Sunday, May 27, 2018
Tradition!: The Highly Improbable, Ultimately Triumphant Broadway-to-Hollywood Story of Fiddler on the Roof, the World's Most Beloved Musical Barbara Isenberg St. Martin's Press 2014 256 Pages $26.99 ISBN: 978-0312591427
The book recounts the history of what has become a classic in American musical theatre: “Fiddler on the Roof.” Beginning with lyricist Sheldon Harnick’s idea to use Sholem Aleichem material as the basis for a musical production, the book details four years of creative birth pangs prior to the show's opening on Broadway.
Author Barbara Isenberg traces the history of “Fiddler” from the original Broadway production through numerous road company tours, the shooting of the film, multiple revivals, a virtual explosion of international productions, and even college and community theatre performances. Isenberg gives a detailed and excellent description of the creative collaboration between the producer, writing team, director, and designers before any actors were cast and rehearsals begun. Isenberg carefully documents the casting process, giving us lists of actors who were considered for various roles and discussing the thinking that ultimately determined which actors would play the parts,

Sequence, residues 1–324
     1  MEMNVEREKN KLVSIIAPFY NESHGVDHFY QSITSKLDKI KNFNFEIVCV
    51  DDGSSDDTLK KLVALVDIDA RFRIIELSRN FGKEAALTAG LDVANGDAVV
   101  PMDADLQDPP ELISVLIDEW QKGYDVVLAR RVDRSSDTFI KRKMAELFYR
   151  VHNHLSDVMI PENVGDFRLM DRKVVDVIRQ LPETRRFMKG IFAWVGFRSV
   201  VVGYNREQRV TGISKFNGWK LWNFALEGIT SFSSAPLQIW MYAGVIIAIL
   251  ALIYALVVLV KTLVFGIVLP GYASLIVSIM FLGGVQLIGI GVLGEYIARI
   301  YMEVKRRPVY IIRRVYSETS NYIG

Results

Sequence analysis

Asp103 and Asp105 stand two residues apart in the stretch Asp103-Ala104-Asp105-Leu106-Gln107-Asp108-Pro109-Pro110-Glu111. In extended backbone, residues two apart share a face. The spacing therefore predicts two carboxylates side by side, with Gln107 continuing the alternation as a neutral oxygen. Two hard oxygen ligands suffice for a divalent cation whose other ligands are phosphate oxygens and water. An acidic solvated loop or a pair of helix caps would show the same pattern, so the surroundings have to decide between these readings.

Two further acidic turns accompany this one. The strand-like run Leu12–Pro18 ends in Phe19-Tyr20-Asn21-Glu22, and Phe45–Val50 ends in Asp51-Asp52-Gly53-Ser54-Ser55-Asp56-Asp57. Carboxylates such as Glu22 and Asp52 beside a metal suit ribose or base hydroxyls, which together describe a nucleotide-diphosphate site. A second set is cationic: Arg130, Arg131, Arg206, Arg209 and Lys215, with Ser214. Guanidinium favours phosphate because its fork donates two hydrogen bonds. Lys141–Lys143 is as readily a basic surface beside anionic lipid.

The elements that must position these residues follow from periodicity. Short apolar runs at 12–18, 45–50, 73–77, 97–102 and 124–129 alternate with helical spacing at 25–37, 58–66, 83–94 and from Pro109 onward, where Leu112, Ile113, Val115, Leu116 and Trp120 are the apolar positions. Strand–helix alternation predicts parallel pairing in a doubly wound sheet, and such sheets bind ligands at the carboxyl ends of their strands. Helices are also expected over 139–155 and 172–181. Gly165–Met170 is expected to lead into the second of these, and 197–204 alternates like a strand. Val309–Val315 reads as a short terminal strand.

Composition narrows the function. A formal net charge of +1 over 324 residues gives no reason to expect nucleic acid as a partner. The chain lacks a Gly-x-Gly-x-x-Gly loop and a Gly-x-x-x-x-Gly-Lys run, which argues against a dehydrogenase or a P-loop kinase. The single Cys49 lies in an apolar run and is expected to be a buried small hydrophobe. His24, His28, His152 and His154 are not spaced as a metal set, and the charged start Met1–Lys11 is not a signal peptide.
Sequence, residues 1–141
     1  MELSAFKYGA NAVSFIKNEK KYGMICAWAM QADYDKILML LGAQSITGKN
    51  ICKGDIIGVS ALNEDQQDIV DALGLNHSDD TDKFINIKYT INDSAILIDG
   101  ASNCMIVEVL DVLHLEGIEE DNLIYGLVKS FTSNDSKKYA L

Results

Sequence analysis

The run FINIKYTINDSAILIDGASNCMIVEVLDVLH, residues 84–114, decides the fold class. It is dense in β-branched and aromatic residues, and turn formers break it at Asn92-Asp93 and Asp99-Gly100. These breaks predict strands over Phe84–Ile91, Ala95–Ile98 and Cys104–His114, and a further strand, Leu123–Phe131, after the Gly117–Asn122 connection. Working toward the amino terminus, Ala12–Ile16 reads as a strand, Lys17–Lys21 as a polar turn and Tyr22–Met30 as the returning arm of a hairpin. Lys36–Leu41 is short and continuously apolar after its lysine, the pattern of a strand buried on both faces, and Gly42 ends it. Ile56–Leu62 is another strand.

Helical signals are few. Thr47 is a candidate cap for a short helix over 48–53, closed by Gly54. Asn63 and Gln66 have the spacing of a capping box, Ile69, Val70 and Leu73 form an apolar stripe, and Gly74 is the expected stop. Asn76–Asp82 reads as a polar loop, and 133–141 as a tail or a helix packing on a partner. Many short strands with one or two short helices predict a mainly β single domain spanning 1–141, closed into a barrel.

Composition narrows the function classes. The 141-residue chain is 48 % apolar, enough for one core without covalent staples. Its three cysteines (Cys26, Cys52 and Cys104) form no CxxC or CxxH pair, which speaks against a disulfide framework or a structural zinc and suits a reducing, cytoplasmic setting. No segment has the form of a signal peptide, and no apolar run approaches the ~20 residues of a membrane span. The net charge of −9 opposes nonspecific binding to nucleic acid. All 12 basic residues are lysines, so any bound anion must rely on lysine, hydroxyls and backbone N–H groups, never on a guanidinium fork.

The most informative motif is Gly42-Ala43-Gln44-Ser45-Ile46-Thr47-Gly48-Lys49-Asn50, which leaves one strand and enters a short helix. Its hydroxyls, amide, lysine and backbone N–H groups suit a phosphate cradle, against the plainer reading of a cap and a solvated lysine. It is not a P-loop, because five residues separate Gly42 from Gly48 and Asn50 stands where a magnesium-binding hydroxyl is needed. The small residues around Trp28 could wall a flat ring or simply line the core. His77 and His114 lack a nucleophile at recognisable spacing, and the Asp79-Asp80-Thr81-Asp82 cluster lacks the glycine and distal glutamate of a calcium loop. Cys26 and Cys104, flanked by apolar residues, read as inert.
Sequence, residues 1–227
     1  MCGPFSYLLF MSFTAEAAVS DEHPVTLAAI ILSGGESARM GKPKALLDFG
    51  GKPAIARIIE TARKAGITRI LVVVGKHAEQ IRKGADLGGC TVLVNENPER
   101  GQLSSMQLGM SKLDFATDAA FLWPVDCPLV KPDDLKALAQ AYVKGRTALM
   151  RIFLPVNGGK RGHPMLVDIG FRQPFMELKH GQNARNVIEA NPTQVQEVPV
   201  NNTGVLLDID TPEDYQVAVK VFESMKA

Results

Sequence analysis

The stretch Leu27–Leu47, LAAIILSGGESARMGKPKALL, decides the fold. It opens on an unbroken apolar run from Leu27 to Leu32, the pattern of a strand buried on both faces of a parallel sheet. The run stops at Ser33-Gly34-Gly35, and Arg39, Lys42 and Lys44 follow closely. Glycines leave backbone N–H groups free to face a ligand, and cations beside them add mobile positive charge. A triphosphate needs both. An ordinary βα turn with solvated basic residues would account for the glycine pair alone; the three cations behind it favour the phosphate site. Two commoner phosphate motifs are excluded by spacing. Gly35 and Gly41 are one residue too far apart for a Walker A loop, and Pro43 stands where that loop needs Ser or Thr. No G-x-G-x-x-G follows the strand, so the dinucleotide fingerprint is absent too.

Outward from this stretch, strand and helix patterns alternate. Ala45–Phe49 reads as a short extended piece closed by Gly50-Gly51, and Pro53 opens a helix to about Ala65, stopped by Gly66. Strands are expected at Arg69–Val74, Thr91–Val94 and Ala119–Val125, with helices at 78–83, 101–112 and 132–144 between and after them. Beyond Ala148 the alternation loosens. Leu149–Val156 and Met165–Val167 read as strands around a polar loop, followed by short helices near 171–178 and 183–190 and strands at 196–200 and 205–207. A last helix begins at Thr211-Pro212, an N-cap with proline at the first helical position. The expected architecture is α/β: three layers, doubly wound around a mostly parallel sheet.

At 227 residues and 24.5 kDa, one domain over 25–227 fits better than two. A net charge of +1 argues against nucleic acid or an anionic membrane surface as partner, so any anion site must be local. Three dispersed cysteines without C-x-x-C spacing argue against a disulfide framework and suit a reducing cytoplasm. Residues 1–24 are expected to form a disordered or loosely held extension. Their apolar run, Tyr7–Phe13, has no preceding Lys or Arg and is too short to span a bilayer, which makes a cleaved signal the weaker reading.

The book is filled with interesting, amusing in-performance and backstage anecdotes. While Isenberg acknowledges and lauds Zero Mostel’s unquestionable genius as an actor and improvisationalist, she does not mince words in describing the frustrations and difficulties that producers, directors, actors, and musicians had in working with him. Isenberg also discusses, in some detail,, the work of other actors—including Luther Adler, Theodore Bikel, Paul Lipson, and Topol—who have played Tevye in the fifty years since the show opened.
This book is a great and fun read. It is a delightful skip down memory lane for anyone who has ever seen, appeared in, or worked on a production of “Fiddler.” It is also an excellent textbook for theatre students. This is one of the most thorough and realistic accounts I have ever read of the sometimes heartbreaking agony of creating theatre.